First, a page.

I thought the ending would be somewhat jarring, sure. But not to the extent it was, and not a subject of such discussion. I really had no idea about that. I never considered the black a shot. I just thought what we see is black. The ceiling I was going for at that point, the biggest feeling I was going for, honestly, was don’t stop believing. It was very simple and much more on the nose than people think. That’s what I wanted people to believe. That life ends and death comes, but don’t stop believing. There are attachments we make in life, even though it’s all going to come to an end, that are worth so much, and we’re so lucky to have been able to experience them. Life is short. Either it ends here for Tony or some other time. But in spite of that, it’s really worth it. So don’t stop believing.

You can read the entire scene-by-scene breakdown, here.

[Directors Guild of America Quarterly]

TIME Diet/Nutrition

Baby Food Recalled for Containing Glass

Beech-Nut Nutrition has recalled approximately 1,920 lb. of baby food

A baby-food company has recalled around 1,920 lb. of its product due to possible contamination with small pieces of glass, according to a news release from the U.S. Department of Agriculture (USDA).

The company, Beech-Nut Nutrition, is recalling its “Stage 2 Beech-Nut Classics sweet potato & chicken” baby food in 4-oz. glass jars. The baby food was made on Dec. 12, 2014, and the recall applies to food expiring December 2016. The company learned of the problem when a customer reported a small piece of glass in their baby food, and the USDA notes that a consumer reported an oral injury from the product.

“Outside of this single report, we have no indication that any other jar of our Classics Stage 2 Sweet Potato & Chicken is affected, but as a company of parents and families we are acting with an abundance of caution,” the company said in a statement posted to its website. “The quality and safety of our products is our number one priority. We know we have not met the expectations of parents who rely on Beech-Nut for quality nutrition for their babies and toddlers in this case, and for that we apologize.”

People who have bought the affected product can return the baby food to the store they purchased it from for a refund or exchange.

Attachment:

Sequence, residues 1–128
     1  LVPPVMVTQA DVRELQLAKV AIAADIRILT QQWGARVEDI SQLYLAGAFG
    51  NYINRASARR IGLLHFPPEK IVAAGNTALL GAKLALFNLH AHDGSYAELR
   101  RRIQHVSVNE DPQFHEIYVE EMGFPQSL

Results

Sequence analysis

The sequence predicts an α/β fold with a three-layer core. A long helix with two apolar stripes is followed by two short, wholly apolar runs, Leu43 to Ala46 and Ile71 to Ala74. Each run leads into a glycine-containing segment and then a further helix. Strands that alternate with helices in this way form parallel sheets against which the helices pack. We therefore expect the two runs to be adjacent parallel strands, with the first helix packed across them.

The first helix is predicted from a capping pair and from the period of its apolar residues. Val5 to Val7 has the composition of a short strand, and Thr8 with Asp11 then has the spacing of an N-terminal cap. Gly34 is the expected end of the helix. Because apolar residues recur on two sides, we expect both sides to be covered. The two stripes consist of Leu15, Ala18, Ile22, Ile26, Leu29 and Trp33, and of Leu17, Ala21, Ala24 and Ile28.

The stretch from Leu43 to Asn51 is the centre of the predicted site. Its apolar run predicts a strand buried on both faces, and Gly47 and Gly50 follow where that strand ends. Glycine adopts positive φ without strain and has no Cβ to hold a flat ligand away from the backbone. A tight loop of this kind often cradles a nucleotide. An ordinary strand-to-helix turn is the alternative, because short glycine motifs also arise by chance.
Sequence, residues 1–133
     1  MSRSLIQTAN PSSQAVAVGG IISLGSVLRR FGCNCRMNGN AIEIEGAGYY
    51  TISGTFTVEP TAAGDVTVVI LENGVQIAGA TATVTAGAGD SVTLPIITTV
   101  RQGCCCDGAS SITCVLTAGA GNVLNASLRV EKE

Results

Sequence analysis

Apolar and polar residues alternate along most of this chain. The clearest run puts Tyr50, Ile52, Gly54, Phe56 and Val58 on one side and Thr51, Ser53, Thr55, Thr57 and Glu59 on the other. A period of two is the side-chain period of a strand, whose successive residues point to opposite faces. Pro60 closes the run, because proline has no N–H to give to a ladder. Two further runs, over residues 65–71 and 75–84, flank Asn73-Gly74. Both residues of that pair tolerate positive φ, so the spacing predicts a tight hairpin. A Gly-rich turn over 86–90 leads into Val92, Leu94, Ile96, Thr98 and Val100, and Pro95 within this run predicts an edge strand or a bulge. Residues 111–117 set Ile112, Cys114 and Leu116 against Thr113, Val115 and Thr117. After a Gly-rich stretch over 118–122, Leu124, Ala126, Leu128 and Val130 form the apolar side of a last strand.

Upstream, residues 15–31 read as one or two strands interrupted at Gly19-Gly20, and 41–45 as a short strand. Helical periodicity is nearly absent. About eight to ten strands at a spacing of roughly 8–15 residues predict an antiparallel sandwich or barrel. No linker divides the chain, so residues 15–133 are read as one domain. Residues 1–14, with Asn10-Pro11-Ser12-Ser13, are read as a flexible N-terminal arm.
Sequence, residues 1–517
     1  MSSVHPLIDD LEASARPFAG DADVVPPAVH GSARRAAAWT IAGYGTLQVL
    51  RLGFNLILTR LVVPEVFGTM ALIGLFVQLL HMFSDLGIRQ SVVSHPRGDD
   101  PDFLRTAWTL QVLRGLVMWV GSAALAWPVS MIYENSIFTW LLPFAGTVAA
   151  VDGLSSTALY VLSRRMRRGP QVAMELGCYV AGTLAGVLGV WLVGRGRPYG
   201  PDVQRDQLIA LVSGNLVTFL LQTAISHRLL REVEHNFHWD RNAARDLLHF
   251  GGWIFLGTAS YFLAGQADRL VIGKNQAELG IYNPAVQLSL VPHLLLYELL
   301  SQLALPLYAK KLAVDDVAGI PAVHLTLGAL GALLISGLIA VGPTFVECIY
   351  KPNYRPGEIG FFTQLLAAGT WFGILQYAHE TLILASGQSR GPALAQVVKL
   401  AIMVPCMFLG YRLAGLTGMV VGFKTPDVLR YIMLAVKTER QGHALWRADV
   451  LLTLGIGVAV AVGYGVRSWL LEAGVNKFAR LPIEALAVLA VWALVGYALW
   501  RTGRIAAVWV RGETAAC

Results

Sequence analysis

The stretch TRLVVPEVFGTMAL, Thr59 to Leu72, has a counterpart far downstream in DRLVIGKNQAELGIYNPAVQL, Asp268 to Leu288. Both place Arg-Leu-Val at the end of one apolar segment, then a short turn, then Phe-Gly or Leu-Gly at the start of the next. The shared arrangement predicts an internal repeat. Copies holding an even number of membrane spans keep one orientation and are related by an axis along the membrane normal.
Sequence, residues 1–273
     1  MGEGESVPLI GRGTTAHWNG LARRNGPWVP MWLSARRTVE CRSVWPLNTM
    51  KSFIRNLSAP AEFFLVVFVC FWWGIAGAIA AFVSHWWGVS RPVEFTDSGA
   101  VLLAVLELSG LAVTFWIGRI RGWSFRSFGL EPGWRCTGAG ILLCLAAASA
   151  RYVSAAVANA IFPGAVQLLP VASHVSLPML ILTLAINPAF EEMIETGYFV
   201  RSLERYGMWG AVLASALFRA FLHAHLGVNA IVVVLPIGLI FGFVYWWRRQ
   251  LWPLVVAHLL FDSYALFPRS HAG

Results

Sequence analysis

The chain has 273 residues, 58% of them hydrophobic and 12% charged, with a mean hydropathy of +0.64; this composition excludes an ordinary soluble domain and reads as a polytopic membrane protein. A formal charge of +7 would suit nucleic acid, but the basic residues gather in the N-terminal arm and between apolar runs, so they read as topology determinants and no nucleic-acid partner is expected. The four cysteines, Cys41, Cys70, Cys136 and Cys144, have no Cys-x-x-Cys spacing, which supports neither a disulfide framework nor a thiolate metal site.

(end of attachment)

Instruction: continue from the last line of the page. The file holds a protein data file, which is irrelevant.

The recalled baby food contained the product numbers “12395750815” through “12395750821.” It also contains the inspection code “P-68A.” Customers can get more information on the Beech-Nut Nutrition website.

TIME Diet/Nutrition

Egg Company Execs Get Jail Time For Food Safety Breach

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Getty Images

The execs were tied to a 2010 salmonella outbreak

The former owner and Chief Operating Officer of the company Quality Egg were sentenced to three months in jail on Monday for their role in a 2010 outbreak of salmonella.

Quality Egg owner Austin “Jack” DeCoster and his son and the company COO Peter DeCoster pleaded guilty to distributing adulterated eggs. Quality Egg must pay a fine of $6.79 million and each of the DeCosters must pay $100,000. After three months in prison, the DeCosters will also have one year of supervised release. The company has been placed on a three-year probation. The pair was not taken into custody and may appeal the sentence.

In 2010, adulterated eggs from Quality Egg were tied to 1,939 reported consumer illnesses from salmonella. Workers for the company disregarded food safety standards, according to prosecutors, and mislead its customers—including major retailers like Walmart—about its food safety practices. The court says that the company also falsified documents for food-safety audits and used false expiration dates that misled customers about how old the eggs were.

Quality Egg pleaded guilty to its employees bribing an U.S. Department of Agriculture (USDA) inspector on at least two occasions to release eggs that had been flagged for failing to meet quality standards. As NBC reports, it’s not clear when the DeCosters learned about the bribes.

“The message this prosecution and sentence sends is a stern one to anyone tempted to place profits over people’s welfare. Corporate officials are on notice. If you sell contaminated food you will be held responsible for your conduct. Claims of ignorance or ‘I delegated the responsibility to someone else’ will not shield them from criminal responsibility,” said U.S. Attorney Kevin W. Techau for the Northern District of Iowa in a statement about the verdict.